ESSAY: WHETHER THE TREATY OF VERSAILLES WAS TOO HARSH ON GERMANY.
The terms of the treaty of Versailles were somewhat harsh, but not out of ordinary for that time period. In 1871, Germany had forced France to accept similar terms (losing Alsace – Lorraine and paying heavy reparations), and one year earlier, Germany had made Russia sign a treaty that went far, far beyond what Versailles would ask Germany. At any rate, the terms were much milder than what France had originally wanted. France wanted to break up Germany for revenge for its suffering and humiliation that Germany inflicted on France after defeating her in 1871 in the Franco-Prussian war and also so that Germany could never be military threat to the rest of Europe. Germany lost 13% of her territory under the treaty. That sounds like a lot, but all of these lands were border regions that were disputed to begin with (and which Germany had only recently conquered), such as Alsace- Lorraine (Franco-Prussian War, 1871). Germany’s allies, Austria- Hungary and the Ottoman Empire, suffered a far worse fate, being completely dismembered.
Germany suffered a terrible economic disaster in 1923-24 that was in part fueled up by the reparations. However, after the German economy rebounded and was in solid shape until the “Depression”. The German navy sank its own ships in protest to sign the Treaty. Ebert didn’t have much choice. Ebert had to consult the army commander Hindenburg. Hindenburg told Ebert that Germany could not win the war. Ebert was at an impossible position. He decided to sign the treaty because he could no longer risk his people. After this the German people hated the Government and blamed it all on them.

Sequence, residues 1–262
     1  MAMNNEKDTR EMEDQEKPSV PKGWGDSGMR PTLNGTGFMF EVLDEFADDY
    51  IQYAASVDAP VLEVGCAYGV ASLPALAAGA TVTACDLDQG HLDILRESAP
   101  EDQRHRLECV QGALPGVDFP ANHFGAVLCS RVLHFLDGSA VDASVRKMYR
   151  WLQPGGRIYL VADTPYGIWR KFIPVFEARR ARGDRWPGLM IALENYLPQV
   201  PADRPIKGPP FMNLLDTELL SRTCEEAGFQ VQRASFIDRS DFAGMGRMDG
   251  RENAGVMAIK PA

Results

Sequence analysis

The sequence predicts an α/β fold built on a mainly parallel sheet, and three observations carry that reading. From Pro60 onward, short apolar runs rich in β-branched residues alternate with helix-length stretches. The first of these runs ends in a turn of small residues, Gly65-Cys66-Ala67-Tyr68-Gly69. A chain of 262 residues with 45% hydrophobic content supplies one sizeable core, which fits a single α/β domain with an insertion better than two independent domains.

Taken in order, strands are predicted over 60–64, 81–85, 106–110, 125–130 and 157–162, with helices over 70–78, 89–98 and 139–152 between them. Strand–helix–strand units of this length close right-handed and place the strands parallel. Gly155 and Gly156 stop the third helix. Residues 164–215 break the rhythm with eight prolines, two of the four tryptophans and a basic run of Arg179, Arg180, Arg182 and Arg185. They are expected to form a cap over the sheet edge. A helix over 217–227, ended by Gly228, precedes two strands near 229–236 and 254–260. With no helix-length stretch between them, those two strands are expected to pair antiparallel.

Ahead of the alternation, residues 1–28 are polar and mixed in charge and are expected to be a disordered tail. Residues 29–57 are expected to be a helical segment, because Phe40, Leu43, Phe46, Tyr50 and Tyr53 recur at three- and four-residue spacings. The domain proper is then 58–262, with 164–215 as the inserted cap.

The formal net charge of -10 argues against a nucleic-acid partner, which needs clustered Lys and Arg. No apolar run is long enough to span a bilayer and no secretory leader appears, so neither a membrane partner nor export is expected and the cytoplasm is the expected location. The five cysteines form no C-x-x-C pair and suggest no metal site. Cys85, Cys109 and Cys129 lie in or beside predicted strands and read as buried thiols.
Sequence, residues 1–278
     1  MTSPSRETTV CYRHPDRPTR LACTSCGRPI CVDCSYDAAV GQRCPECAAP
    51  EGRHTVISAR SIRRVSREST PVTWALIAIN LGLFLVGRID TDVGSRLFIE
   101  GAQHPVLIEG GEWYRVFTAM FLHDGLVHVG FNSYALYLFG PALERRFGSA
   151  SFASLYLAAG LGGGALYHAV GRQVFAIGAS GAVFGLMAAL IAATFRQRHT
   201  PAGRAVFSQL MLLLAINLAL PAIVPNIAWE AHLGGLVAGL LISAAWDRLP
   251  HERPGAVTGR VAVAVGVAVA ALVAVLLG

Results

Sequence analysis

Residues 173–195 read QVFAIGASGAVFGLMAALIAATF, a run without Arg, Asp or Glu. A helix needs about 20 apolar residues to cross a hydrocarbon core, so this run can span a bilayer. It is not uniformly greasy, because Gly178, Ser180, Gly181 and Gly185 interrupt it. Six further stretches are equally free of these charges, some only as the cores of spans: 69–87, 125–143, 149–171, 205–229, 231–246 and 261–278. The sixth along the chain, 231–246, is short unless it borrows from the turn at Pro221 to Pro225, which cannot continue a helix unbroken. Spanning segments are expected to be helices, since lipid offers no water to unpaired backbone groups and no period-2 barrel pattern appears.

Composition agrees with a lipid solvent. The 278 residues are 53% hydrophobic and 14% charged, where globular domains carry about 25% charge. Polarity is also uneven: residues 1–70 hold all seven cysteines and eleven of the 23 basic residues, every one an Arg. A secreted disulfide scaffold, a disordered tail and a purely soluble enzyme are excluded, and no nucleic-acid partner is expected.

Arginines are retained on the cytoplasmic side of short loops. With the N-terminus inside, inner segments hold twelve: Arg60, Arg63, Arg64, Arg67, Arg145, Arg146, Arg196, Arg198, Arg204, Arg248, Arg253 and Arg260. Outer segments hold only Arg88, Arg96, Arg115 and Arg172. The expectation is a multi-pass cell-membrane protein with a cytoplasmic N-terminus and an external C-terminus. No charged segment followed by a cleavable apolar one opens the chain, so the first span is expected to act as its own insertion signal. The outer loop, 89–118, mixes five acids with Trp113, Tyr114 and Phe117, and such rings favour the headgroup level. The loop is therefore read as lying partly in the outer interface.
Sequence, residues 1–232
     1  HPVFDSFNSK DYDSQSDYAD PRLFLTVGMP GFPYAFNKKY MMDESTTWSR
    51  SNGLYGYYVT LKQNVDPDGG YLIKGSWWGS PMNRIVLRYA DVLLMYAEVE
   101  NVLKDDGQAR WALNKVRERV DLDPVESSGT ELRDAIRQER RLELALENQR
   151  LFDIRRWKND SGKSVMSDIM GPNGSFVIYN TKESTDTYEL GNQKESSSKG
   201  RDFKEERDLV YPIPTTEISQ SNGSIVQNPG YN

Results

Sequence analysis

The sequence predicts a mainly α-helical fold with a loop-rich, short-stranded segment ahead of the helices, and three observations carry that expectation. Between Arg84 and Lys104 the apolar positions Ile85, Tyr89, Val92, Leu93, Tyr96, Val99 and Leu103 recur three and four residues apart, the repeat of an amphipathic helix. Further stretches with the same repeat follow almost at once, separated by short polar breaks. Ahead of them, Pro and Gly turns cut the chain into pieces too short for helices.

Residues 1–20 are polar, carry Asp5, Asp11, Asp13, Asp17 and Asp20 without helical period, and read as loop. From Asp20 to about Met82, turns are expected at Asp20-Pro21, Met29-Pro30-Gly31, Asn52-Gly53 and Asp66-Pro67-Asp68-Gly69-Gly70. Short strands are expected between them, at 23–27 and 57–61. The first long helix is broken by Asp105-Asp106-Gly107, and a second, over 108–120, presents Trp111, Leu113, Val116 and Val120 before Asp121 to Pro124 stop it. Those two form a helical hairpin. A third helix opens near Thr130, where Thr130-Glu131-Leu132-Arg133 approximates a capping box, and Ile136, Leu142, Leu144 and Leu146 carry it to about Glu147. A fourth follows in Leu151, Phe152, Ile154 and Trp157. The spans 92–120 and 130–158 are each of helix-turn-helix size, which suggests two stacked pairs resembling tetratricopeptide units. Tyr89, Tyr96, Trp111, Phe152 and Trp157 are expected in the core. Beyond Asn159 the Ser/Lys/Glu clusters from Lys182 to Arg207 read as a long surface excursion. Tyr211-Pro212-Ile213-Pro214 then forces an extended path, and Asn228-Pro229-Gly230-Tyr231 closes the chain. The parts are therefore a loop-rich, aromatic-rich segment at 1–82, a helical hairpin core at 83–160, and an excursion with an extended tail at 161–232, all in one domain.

The treaty was the best Germany could have expected under the circumstances even through the harsh rules. If it weren’t for the treaty, the war would have had to continue. But even though, Germany wouldn’t take that risk of not signing the treaty because it had already lost a lot of its...
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